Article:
I’ve long been fascinated by the symbology of numbers.
Take 18, for example.
In the Hebrew language, 18 means “life.”
That’s why, when your kid attends their friend’s bar mitzvah, it’s customary to give a gift in increments of $18. (I’m told that $18 or $36 is the going rate these days.)
Coincidentally, in Chinese, 18 is pronounced “shi ba” and is considered a lucky number due to its similarity with 實發 or “shi fa” meaning “to get rich for sure.”
But let me teach you a little-known hiring fact about the number 18 that you can use today…
Research shows that when employees leave one company to join another their compensation increases 18 percent on average.
It’s an average, but an incredibly useful data point. And when you hire, there’s a bunch of implications.
When my clients engage me to find their next VP Sales or VP Marketing or VP of Whatever, they often tell me they want someone who’s already doing that role at that compensation. They want a “sure thing.”
But here’s the thing.
Why would that Rockstar performer take the role?
Why would she leave her current situation, where she’s kicking ass, for the same role, same title, same compensation?
Answer: She won’t* (*unless she hates her commute, her micro-manager, her investors, etc)
This is no fish tale.
She seems like the perfect candidate. But if we can’t bring her to the table, then she’s not really a candidate at all.
So when it comes time to hire, I tell my clients that we should first look at Rockstar performers one notch down who are currently earning 18% less than our maximum budget.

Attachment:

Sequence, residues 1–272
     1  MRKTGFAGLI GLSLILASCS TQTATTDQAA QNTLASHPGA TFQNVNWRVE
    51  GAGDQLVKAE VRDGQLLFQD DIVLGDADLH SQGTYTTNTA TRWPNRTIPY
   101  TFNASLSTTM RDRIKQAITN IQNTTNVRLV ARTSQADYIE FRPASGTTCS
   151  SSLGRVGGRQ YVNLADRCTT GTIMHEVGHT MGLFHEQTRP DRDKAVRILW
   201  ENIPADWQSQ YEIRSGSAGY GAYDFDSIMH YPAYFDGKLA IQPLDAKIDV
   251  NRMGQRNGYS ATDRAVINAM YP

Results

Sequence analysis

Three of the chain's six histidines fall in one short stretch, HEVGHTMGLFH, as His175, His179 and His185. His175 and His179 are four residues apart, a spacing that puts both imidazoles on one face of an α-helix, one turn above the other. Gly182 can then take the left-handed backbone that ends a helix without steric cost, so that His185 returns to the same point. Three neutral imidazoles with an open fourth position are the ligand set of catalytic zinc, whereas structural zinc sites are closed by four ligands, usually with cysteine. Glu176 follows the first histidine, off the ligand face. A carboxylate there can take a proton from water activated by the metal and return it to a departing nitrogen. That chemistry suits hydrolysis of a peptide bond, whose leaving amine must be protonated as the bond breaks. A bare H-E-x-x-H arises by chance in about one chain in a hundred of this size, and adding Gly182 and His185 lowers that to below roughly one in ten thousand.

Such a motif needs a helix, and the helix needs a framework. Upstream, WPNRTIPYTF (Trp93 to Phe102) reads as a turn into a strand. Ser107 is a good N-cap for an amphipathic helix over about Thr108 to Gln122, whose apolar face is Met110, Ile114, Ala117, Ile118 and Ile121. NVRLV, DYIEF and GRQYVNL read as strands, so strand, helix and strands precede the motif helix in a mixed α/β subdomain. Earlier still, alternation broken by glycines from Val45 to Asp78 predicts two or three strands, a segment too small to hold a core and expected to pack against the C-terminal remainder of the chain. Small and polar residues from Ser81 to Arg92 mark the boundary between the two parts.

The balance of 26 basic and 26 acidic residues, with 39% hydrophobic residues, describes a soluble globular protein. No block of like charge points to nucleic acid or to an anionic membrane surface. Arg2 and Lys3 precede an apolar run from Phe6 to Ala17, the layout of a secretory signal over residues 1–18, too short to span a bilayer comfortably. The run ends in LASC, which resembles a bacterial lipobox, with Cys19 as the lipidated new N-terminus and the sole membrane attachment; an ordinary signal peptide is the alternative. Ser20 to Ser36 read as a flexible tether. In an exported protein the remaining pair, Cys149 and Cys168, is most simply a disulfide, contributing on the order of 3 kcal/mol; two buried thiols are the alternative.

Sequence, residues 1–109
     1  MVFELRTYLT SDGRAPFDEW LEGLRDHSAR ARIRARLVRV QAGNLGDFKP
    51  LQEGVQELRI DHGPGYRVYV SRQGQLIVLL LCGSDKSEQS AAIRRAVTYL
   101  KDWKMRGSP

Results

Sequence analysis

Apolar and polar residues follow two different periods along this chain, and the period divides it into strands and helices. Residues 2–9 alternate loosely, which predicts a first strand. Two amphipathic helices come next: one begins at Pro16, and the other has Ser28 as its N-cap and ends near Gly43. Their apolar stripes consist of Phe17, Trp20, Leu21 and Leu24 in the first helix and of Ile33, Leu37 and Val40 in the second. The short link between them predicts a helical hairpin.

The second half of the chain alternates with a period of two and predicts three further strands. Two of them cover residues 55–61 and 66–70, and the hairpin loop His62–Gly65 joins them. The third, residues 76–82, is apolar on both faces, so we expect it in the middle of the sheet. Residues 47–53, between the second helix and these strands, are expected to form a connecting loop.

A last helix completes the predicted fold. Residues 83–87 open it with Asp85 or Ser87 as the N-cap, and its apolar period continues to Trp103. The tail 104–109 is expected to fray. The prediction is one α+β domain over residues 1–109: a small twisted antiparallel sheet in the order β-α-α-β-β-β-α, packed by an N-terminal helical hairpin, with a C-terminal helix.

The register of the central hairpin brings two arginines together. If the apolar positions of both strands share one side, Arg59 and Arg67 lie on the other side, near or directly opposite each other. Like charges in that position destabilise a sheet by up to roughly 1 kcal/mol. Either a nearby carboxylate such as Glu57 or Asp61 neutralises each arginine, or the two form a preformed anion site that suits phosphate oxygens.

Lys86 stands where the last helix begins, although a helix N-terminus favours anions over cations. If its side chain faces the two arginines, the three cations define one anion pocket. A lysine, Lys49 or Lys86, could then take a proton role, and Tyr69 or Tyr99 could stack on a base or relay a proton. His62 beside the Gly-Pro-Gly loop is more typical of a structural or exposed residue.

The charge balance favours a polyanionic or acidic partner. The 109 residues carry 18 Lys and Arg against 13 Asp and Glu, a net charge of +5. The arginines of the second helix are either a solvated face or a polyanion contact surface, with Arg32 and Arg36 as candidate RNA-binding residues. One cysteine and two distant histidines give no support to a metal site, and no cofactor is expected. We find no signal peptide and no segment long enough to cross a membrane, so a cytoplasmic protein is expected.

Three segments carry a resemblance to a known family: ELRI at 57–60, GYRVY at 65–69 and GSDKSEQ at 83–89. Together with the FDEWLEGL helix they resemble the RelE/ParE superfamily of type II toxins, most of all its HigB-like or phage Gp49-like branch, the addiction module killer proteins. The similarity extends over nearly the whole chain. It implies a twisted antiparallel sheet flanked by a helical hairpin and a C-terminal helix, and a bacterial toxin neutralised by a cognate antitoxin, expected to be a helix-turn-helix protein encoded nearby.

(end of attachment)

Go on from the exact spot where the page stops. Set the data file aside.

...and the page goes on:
If their budget is $250K for that shiny new VP Marketing, We’ll look at top-performers currently in the $200-210K range. Perhaps a Senior Director of Marketing, who is ready to be called up to the major league.
For those folks, this represents a meaningful increase in compensation (and challenge and responsibilities.) and we can pick the creme de la creme of that bunch.
Instead of the leftover B-player folks already earning $250K.
Now, let’s turn it upside down.
When you lose your best employee – because you’re underpaying them – they likely leave you for 18% more.
18 measly percent.
Is it worth losing your Rockstar performer for that?
If you haven’t bench marked your compensation levels in a few years (I’ll bet $18 you haven’t), it’s time. Comp levels have increased more in the past year than in any of the 25 years I’ve been hiring.
My free book Recruit Rockstars is filled with practical strategies like these.
Now that’s 實發!